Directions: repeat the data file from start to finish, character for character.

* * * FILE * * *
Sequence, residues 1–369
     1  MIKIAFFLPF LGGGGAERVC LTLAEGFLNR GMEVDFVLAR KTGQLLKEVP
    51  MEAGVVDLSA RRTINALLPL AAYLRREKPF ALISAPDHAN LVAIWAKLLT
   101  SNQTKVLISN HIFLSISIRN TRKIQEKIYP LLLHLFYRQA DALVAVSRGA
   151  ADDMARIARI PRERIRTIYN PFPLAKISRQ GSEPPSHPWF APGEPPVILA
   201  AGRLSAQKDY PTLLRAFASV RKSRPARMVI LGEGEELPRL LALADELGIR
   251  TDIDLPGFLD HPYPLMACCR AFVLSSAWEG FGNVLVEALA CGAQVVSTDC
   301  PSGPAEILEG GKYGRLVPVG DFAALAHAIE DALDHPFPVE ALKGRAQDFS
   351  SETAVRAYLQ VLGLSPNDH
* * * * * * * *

Sequence, residues 1–369
     1  MIKIAFFLPF LGGGGAERVC LTLAEGFLNR GMEVDFVLAR KTGQLLKEVP
    51  MEAGVVDLSA RRTINALLPL AAYLRREKPF ALISAPDHAN LVAIWAKLLT
   101  SNQTKVLISN HIFLSISIRN TRKIQEKIYP LLLHLFYRQA DALVAVSRGA
   151  ADDMARIARI PRERIRTIYN PFPLAKISRQ GSEPPSHPWF APGEPPVILA
   201  AGRLSAQKDY PTLLRAFASV RKSRPARMVI LGEGEELPRL LALADELGIR
   251  TDIDLPGFLD HPYPLMACCR AFVLSSAWEG FGNVLVEALA CGAQVVSTDC
   301  PSGPAEILEG GKYGRLVPVG DFAALAHAIE DALDHPFPVE ALKGRAQDFS
   351  SETAVRAYLQ VLGLSPNDH